Thursday, July 24, 2014

The Dinner Wars — Vol. I

Through his first two years and two-plus months on this planet, we've been fortunate that Master Blackwell has proven to be a great eater.

By "great eater" I mean only that the child eats whatever is put in front of him. 

The boy, preening after winning his
first dinnertime battle.

Ideally that definition would be broadened to include that the boy doesn't end up with his meal smeared to his face like some sort of deranged disguise. Ideally it would also mean that he didn't slop large chunks of food onto his clean outfits and the floor surrounding his chair. 

Yes, "ideally" that would be the standard of a "great eater" but, if he's anything like his father, that ideal isn't likely to be achieved until sometime after he turns 20. 

So, we apply the general standard of a great eater and, in all candor, that'll suffice. (Watching the kid eat sloppily is one of those good messes and frequently it means a cute photo op.) For now, the convenience of having a kid who eats what's put in front of him can't be overstated.

There's only so much time in a day. Devoting 30, 40, 50 minutes at a pop to cater to the breezy whims of a child's changing tastes doesn't work for most folks, Mrs. Blackwell and myself included. 

I've watched some parents struggle to find meals that their kid will eat. Having a picky eater is tough. What does a parent do to counter a kid who refuses to eat the food put in front of them? 

That's a question we've not been forced to answer — until recently. 

Yes, it appears our good fortune might be running out. Three evenings ago, Mrs. Blackwell made the boy a scrumptious meal that included baked chicken breast, sweet potato, broccoli and baked beans.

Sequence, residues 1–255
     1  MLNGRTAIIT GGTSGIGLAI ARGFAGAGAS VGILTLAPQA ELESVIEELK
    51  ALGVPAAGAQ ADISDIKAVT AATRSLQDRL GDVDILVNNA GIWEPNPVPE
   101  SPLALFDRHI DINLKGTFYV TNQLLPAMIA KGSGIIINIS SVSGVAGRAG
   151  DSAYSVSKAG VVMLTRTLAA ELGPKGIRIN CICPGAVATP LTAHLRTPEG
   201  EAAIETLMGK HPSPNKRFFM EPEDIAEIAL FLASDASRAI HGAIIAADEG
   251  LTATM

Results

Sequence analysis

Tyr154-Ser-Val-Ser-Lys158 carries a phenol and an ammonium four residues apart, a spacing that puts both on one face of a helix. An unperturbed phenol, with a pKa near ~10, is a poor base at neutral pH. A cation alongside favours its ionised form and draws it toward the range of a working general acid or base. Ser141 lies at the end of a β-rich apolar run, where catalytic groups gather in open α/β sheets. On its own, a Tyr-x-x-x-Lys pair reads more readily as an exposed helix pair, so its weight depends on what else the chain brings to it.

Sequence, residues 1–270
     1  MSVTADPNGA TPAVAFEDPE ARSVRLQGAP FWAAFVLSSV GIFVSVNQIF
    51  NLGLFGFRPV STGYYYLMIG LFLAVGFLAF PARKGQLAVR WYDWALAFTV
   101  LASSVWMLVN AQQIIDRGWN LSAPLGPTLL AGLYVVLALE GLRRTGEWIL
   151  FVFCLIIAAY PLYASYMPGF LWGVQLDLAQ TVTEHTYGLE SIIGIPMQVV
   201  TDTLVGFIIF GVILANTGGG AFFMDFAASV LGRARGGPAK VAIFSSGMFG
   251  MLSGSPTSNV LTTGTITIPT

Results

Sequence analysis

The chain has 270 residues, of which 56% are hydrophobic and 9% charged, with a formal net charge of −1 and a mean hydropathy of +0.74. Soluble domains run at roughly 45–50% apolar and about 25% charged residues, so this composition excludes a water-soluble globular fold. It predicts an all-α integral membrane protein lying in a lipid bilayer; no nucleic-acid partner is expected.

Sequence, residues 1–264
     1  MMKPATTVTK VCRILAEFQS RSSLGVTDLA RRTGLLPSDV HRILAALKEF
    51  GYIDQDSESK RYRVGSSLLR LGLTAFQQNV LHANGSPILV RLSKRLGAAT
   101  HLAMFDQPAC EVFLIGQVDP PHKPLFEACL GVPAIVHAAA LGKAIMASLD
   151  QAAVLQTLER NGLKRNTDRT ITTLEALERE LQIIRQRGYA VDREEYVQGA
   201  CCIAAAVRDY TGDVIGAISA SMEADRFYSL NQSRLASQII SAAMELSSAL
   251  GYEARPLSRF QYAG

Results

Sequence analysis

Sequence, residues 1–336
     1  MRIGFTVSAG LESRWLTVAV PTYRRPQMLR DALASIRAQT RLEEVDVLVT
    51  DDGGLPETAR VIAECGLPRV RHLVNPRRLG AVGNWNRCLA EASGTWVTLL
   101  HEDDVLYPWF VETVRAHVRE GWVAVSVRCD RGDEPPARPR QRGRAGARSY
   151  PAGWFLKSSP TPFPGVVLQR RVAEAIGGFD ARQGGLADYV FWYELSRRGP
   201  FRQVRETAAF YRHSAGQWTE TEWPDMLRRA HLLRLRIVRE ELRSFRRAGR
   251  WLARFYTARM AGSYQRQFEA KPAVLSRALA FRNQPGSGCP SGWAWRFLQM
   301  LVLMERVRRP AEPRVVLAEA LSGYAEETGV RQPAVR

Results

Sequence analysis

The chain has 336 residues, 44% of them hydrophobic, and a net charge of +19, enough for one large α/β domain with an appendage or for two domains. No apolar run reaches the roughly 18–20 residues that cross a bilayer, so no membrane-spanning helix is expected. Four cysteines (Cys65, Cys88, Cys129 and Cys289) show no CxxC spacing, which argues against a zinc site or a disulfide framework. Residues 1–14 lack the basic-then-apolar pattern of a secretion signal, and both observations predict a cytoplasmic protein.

Like most of the boy's meals, it was served warm and with a heaping helping of his mother's fawning on the side. It was disconcerting then to see the boy deviate from the usual script. Instead of enthusiastically gobbling up the food in front of him, he shook his head no.

His mother's polite prodding (issued in a playful, baby-friendly voice) was met with stony, steel-like resolve in the negative. 

"You want some sweet potato?" Mrs. Blackwell asked, in a voice dripping with honey. 

"Nooouh," the boy retorted, though the inflection of his voice made his "no" sound like a question. Through his second, third, fourth, fifth and sixth "no" it became clear there was no question. 

The boy was not eating this food. 

We knew he'd eaten a fair amount for lunch, so it wasn't as if this was the meal that would tip the scales toward him being malnourished. It was nonetheless a disturbing development. 

Now, I know there are a few of you out there (guys mostly) who are thinking, "So what? Let him miss a meal and teach him a lesson."

I know that, because that's what I thought. I thought it before I became a parent and I was thinking it the other night too. 

"He'll eat the food that's put in front of him and that's that," I said to myself when this was just a hypothetical and again when it was reality. 

While less enthusiastic, Mrs. Blackwell agreed that we weren't going to cave into the boy by offering him a long list of culinary options until he decided on one he'd like. Not a chance that we were going to open that can of worms. 

Neither Mrs. Blackwell nor I wants to try to live a life where the boy's menu consists of one item called "whatever the hell he wants." 

So, we stayed resolute. The boy said "No" to dinner and off he went. We let him down from his seat at the kitchen table; he began playing with Grover and Elmo and didn't seem bothered by the lack of food. 
Skondra's. It sounds like a car company from the
Soviet Bloc but don't let that name fool you.
This folks, is damn fine ice cream. Just ask my son.

About two hours later, I had a bit of a sweet tooth and decided on having some ice cream. And wouldn't you know it, the boy decided he was hungry.

Being the astute fellow that I am, I had no idea what had happened until Mrs. Blackwell walked in the room where she found the boy sitting on my lap while I enthusiastically spooned vast amounts of butter pecan into his mouth. 

Upon taking in this scene, she quickly laid it bare for me. I wasn't just sharing a bowl of ice cream big enough to satisfy a couple of offensive linemen. No sir. I was in fact, rewarding the boy's dinner holdout and sending the message that refusal to eat a healthy meal will be met with swift justice — in the form of a bowl of sweets two hours thereafter. 

It's been a couple of nights since this incident and we've been fortunate in that my lack of focus seems to have been forgotten about. Or, he's just waiting until we've got a flavor of ice cream more to his liking. 

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